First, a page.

Tires squeal. The car speeding out of the driveway almost hit you!
You feel the heat rushing to your cheeks. Anger is welling up. ‘What’s wrong with that person? Who taught them how to drive? They need to pay attention!’
A few choice words about rude people spill out of your mouth. You lift your hand to let them know with an unmistakable gesture how you feel about their behavior.
Of course, it’s normal to be alarmed about reckless driving behavior, but sometimes you may overreact. You honk your horn. You roll down the window and yell obscenities. Or you use crude gestures to show your misgivings. You may even go so far as to drive dangerously, slowing way down with them right on your back, just to teach them a lesson.
Have you completely forgotten that there’s a difference between being upset at someone’s reckless driving and reacting to it with rage?
What happened to your mind?
Mental Filters – What They Are and What They Do to Your Mind
Simply put, mental filters shape our view of the world. When you see and think through a mental filter, you focus so strongly on one aspect of a situation that your mind can’t perceive anything else, much less factual information. Often, the aspects you tend to concentrate on are the negative ones, filtering out all the positive.
But what happens when mental filters are removed or replaced? Consider a continuation of the situation mentioned at the beginning:
You lift your hand to let them know with an unmistakable gesture how you feel about their behavior…
It’s at that moment that you realize the person behind the wheel is your neighbor, the nurse, whom you admire and respect. ‘She must have had a hard day at work. It’s unlike her to drive like that,’ you reason. ‘She’s probably in a hurry to pick up her children from daycare.’
Your anger completely melts away. Instead of flashing her a crude gesture, you wave her along with a big friendly smile.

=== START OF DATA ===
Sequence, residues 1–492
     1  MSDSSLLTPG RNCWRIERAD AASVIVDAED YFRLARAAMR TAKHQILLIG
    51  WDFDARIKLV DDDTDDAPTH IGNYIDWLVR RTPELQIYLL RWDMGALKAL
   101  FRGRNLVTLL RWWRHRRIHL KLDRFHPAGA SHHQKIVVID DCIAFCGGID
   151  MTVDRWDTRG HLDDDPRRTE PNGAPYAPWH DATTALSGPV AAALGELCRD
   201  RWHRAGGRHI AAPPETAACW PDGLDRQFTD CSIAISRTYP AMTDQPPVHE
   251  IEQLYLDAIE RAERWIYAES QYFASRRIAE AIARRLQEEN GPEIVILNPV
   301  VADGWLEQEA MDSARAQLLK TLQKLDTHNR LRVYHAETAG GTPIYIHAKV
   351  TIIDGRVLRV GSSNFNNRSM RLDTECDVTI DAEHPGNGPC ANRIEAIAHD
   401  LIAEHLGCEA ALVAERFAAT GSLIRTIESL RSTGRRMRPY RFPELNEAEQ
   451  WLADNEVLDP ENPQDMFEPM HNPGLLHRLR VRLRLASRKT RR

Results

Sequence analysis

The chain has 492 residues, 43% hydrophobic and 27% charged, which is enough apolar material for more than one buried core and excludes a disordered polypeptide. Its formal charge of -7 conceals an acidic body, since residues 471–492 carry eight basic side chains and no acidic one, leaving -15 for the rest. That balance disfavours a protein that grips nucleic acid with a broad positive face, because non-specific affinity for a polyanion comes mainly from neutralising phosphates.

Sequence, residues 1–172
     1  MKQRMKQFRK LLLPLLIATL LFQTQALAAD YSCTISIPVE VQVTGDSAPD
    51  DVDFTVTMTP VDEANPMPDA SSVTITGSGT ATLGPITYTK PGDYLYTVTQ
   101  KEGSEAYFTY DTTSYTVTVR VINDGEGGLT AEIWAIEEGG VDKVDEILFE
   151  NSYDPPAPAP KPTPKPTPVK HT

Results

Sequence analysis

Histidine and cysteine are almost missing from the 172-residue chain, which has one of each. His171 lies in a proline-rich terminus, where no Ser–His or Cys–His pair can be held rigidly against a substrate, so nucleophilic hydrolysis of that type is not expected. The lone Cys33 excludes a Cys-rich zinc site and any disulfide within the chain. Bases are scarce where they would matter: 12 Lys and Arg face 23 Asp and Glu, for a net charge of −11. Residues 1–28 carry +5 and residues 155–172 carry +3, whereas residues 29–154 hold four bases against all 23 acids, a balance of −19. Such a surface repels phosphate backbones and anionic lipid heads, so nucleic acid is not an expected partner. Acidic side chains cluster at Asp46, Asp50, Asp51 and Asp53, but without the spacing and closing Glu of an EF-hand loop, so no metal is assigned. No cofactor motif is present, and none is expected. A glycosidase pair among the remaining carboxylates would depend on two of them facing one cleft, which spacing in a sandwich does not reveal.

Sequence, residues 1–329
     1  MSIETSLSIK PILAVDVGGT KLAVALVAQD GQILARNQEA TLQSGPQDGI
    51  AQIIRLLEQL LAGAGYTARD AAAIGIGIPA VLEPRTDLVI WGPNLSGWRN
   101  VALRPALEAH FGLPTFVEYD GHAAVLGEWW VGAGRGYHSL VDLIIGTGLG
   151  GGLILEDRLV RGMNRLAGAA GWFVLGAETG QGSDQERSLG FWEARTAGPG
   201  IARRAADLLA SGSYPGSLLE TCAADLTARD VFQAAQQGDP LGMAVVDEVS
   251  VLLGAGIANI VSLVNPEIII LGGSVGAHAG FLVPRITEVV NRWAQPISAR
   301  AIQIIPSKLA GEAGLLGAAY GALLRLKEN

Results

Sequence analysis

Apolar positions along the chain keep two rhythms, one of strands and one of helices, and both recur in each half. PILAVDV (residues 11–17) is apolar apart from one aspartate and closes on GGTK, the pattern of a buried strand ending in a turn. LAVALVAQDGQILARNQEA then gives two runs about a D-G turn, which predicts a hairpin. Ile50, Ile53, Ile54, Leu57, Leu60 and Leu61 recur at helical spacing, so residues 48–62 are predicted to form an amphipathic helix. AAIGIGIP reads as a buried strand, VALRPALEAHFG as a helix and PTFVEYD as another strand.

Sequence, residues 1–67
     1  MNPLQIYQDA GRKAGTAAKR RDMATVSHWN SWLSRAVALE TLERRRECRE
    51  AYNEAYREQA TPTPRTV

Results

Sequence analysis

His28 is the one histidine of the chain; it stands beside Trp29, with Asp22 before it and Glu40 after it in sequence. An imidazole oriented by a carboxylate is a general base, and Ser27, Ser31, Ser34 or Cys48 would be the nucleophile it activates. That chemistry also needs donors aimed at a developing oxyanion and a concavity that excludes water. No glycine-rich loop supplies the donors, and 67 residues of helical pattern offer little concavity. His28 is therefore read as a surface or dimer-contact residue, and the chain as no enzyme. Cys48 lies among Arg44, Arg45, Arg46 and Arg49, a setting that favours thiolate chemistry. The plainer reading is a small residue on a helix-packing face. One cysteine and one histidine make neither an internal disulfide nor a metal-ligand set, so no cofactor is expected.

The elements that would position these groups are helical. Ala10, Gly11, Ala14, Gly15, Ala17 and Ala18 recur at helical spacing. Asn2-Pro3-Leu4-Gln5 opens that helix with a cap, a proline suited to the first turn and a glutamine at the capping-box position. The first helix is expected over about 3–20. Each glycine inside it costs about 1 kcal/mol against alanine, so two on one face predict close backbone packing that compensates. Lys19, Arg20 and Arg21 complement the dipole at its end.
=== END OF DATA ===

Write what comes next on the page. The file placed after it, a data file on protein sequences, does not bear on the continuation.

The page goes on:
What made the difference in your reaction? – Your point of view.
Your mental filter about reckless drivers was overwritten by your filter about people you know, like, and understand. Once you recognized who was behind the wheel of the car, the rude driver turned into your beloved and respected neighbor. And suddenly, you were able to empathize with her view of the world coming from a totally different angle than yours.
How Mental Filters Contribute to Aggressive Driving
The fact that none of our filters are the same is something many people don’t understand clearly.
By instinct, you may think that everybody should have your viewpoint and be conscientious, careful, and considerate drivers. The problem is, while that keeps you from driving recklessly, your opinion of what others should be doing can cause you to feel rage when they don’t do those things.
There’s also a filter that causes you to view your cars as an extension of yourself. So when you feel threatened by other vehicles, you may end up responding with aggression in an instinctive reaction to protect yourself.
At times, some of your mental filters may also give you a bad view of yourself. When you view yourself as powerless at work or home, you may get bolder behind the wheel because it’s the only place where you can feel a sense of power and control.
In any case, by acting or reacting, your filters – your viewpoints – contribute to aggressive driving.
Your next step is to learn how to remove or replace these filters to help you perceive situations without distortion – to see the person behind the wheel, not just the vehicle. That’s the only way to equip yourself to respond in a way that won’t hurt you or others.